Let me explain.  I think Mary wanted to demonstrate that she loved her close friend Jesus and that she understood, as he set his face toward Jerusalem and the cross, the pain he was about to bear. So, she broke open that perfume knowing that the fragrance of that moment would endure and become an everlasting reminder of the Anointing of Jesus, and by extension, the love of God that would be poured out upon the cross. And that “the smell of perfume amid the stench of betrayal, jealousy, and looming violence provided a sweet moment of stillness amid a gathering storm; an outpouring of homage amid the onslaught of hatred.”[i]  Am I reaching a bit here? Perhaps. But only if we’re in our heads.

You know, someone once said, “Love expressed is not sufficient; it needs to be heard to have any meaning.” In other words, it’s not adequate for you to say you love your wife or your husband or your partner or your children; although that’s a good start. You must get into the mind of your beloved and find out what’s most meaningful to them; how they recognize and receiving love and then love them in that way. Love expressed is not sufficient; it must be heard and then acted upon to have deeper meaning. Mary expressed her love this way and we are invited to do the same. This evening we are invited to express our love for God in this deeper, emotive sense as well. We are invited to close our eyes and breath in the fragrance of Christ.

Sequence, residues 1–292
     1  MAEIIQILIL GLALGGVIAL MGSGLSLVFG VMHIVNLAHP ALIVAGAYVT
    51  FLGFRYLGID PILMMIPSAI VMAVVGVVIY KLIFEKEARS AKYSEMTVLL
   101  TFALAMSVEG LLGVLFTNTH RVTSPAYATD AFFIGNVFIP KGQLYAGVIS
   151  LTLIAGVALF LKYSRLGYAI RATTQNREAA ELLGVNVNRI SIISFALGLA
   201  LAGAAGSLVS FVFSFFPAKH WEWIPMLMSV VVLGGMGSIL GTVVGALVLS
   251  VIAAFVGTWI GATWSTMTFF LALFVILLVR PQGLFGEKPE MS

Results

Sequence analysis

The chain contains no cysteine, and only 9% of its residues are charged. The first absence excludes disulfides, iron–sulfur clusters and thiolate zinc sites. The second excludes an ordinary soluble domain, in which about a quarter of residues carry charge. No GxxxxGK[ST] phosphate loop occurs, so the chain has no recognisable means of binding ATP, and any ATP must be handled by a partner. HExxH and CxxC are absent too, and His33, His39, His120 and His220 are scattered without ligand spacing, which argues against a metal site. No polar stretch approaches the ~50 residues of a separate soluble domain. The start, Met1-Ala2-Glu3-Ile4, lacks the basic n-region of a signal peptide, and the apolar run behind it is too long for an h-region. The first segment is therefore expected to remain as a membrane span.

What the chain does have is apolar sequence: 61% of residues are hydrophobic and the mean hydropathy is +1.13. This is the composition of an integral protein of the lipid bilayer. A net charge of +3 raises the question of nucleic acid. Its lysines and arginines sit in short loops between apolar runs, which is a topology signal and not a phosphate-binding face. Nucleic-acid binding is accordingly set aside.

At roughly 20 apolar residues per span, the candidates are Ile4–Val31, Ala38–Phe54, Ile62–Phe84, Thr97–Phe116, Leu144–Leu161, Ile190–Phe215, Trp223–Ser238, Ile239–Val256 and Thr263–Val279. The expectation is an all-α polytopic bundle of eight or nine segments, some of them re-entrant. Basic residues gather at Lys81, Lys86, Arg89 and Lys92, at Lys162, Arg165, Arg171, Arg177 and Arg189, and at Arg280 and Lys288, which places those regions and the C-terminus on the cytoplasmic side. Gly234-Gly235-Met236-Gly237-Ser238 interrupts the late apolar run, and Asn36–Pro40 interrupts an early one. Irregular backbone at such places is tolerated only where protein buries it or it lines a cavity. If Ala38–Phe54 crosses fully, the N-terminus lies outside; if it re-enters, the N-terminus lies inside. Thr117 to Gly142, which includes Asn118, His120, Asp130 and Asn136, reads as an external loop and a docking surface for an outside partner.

But the anointing isn’t the only reason we need to be in heart mode this evening.  There’s the exchange between Jesus and Judas to consider.  Judas states that all this perfume pouring and foot wiping is a waste of money. Money that could have been used to feed the hungry. And rational thinking would most likely agree with Judas. Did he have an ulterior motive here? Probably. After all he did go on to betray Jesus. But regardless of the underlying motive, I could see our rational selves seeing this as a waste of resources when so many were in need.